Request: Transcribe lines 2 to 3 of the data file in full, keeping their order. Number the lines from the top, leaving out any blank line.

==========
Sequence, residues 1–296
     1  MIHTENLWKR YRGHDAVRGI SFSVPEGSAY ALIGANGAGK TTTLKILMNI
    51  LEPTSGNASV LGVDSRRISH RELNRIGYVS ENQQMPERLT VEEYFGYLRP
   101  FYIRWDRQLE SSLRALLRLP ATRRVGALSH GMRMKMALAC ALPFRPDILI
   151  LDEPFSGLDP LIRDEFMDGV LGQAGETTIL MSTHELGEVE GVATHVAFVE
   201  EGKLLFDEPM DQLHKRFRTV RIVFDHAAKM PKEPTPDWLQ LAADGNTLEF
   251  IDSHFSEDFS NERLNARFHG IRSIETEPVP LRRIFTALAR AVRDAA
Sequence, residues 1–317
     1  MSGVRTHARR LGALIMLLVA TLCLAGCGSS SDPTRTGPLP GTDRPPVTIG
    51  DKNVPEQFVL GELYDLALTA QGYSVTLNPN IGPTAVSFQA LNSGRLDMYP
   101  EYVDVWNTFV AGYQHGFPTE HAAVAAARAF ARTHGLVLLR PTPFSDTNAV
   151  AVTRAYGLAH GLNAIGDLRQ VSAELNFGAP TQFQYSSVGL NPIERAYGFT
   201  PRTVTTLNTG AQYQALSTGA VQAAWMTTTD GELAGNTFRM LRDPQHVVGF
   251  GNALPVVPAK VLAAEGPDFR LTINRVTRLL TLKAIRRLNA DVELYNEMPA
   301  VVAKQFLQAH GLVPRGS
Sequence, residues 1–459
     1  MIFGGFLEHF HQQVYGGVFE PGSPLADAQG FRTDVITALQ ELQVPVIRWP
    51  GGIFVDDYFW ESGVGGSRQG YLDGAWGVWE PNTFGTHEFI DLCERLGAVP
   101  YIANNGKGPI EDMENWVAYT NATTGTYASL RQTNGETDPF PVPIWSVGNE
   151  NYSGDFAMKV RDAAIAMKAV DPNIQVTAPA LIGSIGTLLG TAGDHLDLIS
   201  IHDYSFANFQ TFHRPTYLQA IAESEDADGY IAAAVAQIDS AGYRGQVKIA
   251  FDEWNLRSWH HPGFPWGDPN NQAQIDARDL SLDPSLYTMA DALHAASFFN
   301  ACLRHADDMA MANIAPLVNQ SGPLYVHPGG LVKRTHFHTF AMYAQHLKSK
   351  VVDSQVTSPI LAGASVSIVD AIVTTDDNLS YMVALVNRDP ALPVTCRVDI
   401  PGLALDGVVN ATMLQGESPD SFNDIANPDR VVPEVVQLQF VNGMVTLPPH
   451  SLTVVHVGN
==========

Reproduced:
     1  MIHTENLWKR YRGHDAVRGI SFSVPEGSAY ALIGANGAGK TTTLKILMNI
    51  LEPTSGNASV LGVDSRRISH RELNRIGYVS ENQQMPERLT VEEYFGYLRP